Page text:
Criminal Law

Judge emphasizes defendants are people, not 'faceless criminals'

By Staff

A judge’s observations that courtrooms are a “world of poverty, homelessness and mental illness” are a striking reminder of the importance of treating defendants as people rather than faceless criminals, says Oshawa criminal lawyer Lawrence Forstner.

“We actually need to know who these people are coming into the system,” says Forstner, principal of Forstner Law. “We need to be honest as a society and acknowledge we all experience mental health issues.”

In his successful written application to join the Ontario Court of Appeal, posted online, Justice David Paciocco notes that in his five years as a provincial court judge, he has seen a steady stream of defendants who are “often sick, always in need.”

It would be obtuse, the judge adds, to fail to recognize that the law has to be wielded differently for different people.

“They are entitled to have their needs recognized,” Paciocco says.

Forstner tells that Paciocco’s views resonate with him.

“The law-and-order, black-and-white approach doesn’t work. We need to be more open and honest and contextual,” Forstner says.

Paciocco seems to be advocating for therapeutic jurisprudence, although he does not use that term, Forstner says.

Therapeutic jurisprudence recognizes that anyone with power in the criminal justice system — a judge, lawyer or court clerk — can have a therapeutic or anti-therapeutic effect, depending on what they do and how they do it, he says.

“The law itself, how it’s practised and communicated, is either healing or anti-healing,” says Forstner.

He recalls sitting in the body of a courtroom when a judge refused to allow the family of a defendant to temporarily move to the front of the bar so they could view a television screen showing evidence.

"You can see the shoulders of those people slump at that moment because they had just been discounted, disrespected, made invisible,” he says.

“So much of the system is set up with an eye to dealing with the inefficiencies that sometimes it overlooks the importance of the message — or that the 'how' in what we do is more important than what we do."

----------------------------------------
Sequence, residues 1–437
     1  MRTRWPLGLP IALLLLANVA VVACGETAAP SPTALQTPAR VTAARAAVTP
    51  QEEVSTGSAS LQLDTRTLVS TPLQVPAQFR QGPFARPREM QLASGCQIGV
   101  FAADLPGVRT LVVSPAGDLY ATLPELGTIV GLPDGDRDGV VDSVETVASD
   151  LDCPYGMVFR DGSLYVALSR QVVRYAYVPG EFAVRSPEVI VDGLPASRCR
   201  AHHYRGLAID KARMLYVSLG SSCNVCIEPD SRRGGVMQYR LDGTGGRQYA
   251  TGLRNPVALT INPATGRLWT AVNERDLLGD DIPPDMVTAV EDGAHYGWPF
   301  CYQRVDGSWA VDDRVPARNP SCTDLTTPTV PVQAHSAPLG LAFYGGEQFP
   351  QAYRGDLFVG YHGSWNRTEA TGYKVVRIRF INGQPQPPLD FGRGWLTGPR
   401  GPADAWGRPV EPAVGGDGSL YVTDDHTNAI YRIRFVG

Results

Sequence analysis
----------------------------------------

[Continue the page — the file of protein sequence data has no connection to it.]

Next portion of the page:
For instance, someone sentenced to 90 days in jail may feel better than someone sentenced to 30 days if the judge treats him with greater respect, he says. The offender receiving the lesser 30-day sentence may stew angrily in his cell if the judge sends him away with disparaging remarks, Forstner says.

Offenders are often so brutalized by their experiences that they are resistant to change, but we should see that attitude more as a symptom than an immutable characteristic, he adds.

Instead of pushing back at offenders, as we often do, we should relax and “share the circle,” Forstner says, meaning aligning interests and focusing on helping individuals solve their issues.

Justice would be better served if we recognized that we all experience mental health issues at some point in our lives, such as when we are under severe stress, he adds.

Paciocco’s written application is also cited in a Toronto Star opinion piece co-authored by former Ontario attorney-general Michael Bryant, now a defence lawyer.

“Canada has unwittingly criminalized mental illness,” write Bryant and co-author Graham Brown.

Bryant admitted in another Star article that when he was attorney general he suffered “the malady of ignorance” about the fact that, innocent or not, the homeless, addicted and mentally ill are more likely than others to end up in jail.

In his book, 28 Seconds, and in a 2012 interview with the Star, Bryant describes his own battle with alcoholism followed by a sudden fall “to the pillory” when he was charged in the vehicular death of a Toronto cyclist. The charges were later dropped.

Similarly, Forstner says, his own mental health struggles after being abused as a teenager have informed his work in the criminal justice system. Offenders are “tremendously victimized by life in ways that I can identify with,” he adds.

People running the justice system, however, often ignore the similarities between themselves and defendants; they continue to stigmatize and discriminate against people with mental challenges, he says. “I’m always amazed at how the criminal justice system can’t see what’s right in front of it.”

The system needs to adopt what’s working instead of being “pedantic and unrelenting,” he adds.

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